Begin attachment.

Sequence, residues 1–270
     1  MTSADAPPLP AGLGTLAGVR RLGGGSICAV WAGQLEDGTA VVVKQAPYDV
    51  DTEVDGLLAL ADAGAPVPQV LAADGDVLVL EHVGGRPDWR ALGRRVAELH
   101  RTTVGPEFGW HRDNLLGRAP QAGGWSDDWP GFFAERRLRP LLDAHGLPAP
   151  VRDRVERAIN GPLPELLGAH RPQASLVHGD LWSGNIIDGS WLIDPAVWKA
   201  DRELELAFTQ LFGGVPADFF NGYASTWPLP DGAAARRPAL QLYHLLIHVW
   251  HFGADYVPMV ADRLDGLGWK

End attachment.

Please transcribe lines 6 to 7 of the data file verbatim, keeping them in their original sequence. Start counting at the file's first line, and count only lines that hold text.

   201  DRELELAFTQ LFGGVPADFF NGYASTWPLP DGAAARRPAL QLYHLLIHVW
   251  HFGADYVPMV ADRLDGLGWK